Before you is the ugliest tiefling you've ever seen. He's large, muscular, covered in scars, with huge tusks, horns, and a tail that won't stop moving. He eyes the other Pathfinders in the room, occasionally growling if someone looks back at him for too long.
When it is his turn to introduce himself, he says: (with a vaguely Russian accent)
"I am called Molos. Molos Pinktusk. Family name is Pinktusk, cause I grow up in Urgir. Is largest city of Hold of Belkzen. Is orc country, very brutal. Orcs call family Pinktusk, cause we have pink skin like human, but big tusks like orc."
"I learn to fight there. Grow up to be strong warrior. Use greatsword, bite enemies with big tusks, hurl stones very fast from sling with big, strong muscles."
"But most important skill, I not learn 'til leave Belkzen. Orcs have no civilization. Eat much raw meat. Know nothing of cooking."
At this point, his tone softens as he continues:
"When leave Belkzen, I learn of fine cuisine. Well cooked meals with variety of ingredients, flavorful sauces and spices, perfectly paired with fine wines. Molos learn of many culinary pleasures since leave home country. Want to travel all Golarion and savor every type food. That main reason I join Pathfinders, agree to be fighter in Society. To travel the world!"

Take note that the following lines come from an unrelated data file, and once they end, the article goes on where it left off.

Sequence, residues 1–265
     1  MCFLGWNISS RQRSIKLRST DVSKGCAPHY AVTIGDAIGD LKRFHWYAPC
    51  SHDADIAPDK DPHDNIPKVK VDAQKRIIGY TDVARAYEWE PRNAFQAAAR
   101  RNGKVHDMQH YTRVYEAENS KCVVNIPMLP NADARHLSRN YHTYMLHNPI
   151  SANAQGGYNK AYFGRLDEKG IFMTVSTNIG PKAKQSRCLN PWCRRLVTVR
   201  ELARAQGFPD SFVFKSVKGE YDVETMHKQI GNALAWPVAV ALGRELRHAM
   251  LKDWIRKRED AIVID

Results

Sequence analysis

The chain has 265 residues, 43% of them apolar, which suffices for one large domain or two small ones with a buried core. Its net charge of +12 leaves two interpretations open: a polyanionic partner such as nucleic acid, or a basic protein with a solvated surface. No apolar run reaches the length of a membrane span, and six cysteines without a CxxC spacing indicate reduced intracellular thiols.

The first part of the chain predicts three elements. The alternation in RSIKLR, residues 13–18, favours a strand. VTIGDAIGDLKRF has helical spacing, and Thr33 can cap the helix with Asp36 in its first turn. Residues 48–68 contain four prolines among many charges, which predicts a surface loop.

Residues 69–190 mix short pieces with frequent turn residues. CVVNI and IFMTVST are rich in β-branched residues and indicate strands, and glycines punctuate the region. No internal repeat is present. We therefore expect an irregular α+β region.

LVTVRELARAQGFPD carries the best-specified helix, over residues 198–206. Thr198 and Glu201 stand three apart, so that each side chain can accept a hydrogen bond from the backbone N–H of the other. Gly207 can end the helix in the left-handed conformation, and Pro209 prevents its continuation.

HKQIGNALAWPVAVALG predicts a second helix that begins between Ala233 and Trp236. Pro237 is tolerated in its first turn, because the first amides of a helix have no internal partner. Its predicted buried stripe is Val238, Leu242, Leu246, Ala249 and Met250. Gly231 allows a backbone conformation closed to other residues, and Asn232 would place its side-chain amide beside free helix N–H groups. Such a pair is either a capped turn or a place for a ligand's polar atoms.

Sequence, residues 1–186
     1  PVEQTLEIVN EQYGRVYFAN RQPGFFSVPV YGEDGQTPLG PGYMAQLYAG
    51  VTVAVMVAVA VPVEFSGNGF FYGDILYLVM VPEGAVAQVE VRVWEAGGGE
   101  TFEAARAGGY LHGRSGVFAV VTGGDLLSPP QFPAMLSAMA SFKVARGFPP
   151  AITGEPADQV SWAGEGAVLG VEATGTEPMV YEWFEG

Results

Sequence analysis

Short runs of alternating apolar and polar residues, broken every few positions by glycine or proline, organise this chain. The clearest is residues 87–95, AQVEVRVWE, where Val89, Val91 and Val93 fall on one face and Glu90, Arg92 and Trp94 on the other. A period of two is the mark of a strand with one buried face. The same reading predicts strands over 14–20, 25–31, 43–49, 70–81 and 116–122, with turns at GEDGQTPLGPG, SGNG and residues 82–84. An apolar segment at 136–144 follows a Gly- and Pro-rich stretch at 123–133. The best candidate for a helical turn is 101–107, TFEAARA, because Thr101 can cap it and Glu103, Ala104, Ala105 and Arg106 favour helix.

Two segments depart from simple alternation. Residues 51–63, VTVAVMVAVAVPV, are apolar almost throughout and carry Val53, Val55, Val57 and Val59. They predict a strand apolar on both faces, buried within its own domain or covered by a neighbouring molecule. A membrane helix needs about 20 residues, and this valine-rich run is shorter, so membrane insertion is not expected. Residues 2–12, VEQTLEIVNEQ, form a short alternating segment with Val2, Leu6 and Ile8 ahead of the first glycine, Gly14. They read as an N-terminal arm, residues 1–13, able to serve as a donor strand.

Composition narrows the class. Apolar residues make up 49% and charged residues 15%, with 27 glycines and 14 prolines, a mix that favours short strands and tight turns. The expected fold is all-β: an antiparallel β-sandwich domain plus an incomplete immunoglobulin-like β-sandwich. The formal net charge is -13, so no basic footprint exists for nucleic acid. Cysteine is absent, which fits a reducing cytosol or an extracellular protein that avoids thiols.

He pauses for just a moment, a wistful gleam in his eye as he thinks, then his face hardens as he continues:
"Pathfinder Society broken into factions. I not know which faction best. Just want travel, see world, taste many fine foods, not care about ancient knowledge, freeing slaves, being do-gooder. Taldor seem very civilized, probably have excelent cuisine. Or could help Qadira arrange trade for recipes and spices, spread great flavors throughout Golarion. Or maybe just join Grand Lodge, stay out of faction politics. Not sure yet."
"What rest of you think? Which faction sound best for Molos?"
Stupid question, but which starting language makes more sense if your tiefling is oni-spawned: Infernal or Abyssal? I'm thinking Infernal, just because oni and devils are both lawful evil outsiders, but I wanted to check and be sure. This is for PFS, so I want to make sure my PC fits in with Golarion lore.
So Seeker of Secrets says that Pathfinders have to go through 3 years of training, but there are occasional, rare field commissions. In another thread, we got off topic talking about this, so I'm starting a new thread.